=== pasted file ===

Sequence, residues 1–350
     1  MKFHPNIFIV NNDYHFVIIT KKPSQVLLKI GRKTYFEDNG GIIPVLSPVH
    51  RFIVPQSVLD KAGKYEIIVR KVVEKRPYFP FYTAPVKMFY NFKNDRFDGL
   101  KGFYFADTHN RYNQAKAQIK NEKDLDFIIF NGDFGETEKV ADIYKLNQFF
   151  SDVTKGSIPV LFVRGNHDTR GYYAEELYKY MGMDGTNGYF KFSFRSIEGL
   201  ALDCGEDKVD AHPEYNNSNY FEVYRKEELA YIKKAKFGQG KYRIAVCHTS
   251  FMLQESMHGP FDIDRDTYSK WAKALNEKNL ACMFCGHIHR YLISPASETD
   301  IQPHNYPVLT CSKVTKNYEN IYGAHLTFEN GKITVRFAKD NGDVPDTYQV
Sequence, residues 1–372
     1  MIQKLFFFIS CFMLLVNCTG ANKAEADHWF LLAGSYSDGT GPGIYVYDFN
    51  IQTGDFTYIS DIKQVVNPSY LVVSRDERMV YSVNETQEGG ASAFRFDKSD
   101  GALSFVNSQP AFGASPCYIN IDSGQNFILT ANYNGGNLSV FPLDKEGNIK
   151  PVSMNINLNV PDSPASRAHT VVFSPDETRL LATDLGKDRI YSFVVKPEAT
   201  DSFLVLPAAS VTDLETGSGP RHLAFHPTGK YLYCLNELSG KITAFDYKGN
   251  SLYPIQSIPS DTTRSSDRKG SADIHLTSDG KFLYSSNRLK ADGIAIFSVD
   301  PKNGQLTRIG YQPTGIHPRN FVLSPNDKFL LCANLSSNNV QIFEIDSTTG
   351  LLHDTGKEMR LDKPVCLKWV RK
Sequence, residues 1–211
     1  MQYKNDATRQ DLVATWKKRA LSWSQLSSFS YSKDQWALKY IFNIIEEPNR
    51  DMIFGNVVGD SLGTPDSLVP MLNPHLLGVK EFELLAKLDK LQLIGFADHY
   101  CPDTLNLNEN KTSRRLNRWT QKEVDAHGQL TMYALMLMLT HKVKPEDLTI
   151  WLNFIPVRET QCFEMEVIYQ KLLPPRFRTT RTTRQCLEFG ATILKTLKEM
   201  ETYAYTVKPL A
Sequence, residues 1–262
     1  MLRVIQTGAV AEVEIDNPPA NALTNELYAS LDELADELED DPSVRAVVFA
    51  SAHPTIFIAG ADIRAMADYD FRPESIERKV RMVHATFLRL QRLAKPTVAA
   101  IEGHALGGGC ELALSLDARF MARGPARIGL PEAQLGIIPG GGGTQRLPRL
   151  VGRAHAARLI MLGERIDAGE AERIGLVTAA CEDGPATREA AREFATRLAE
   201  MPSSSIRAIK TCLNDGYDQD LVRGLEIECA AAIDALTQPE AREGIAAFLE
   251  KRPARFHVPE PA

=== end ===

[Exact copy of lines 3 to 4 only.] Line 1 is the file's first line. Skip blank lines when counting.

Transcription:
    51  RFIVPQSVLD KAGKYEIIVR KVVEKRPYFP FYTAPVKMFY NFKNDRFDGL
   101  KGFYFADTHN RYNQAKAQIK NEKDLDFIIF NGDFGETEKV ADIYKLNQFF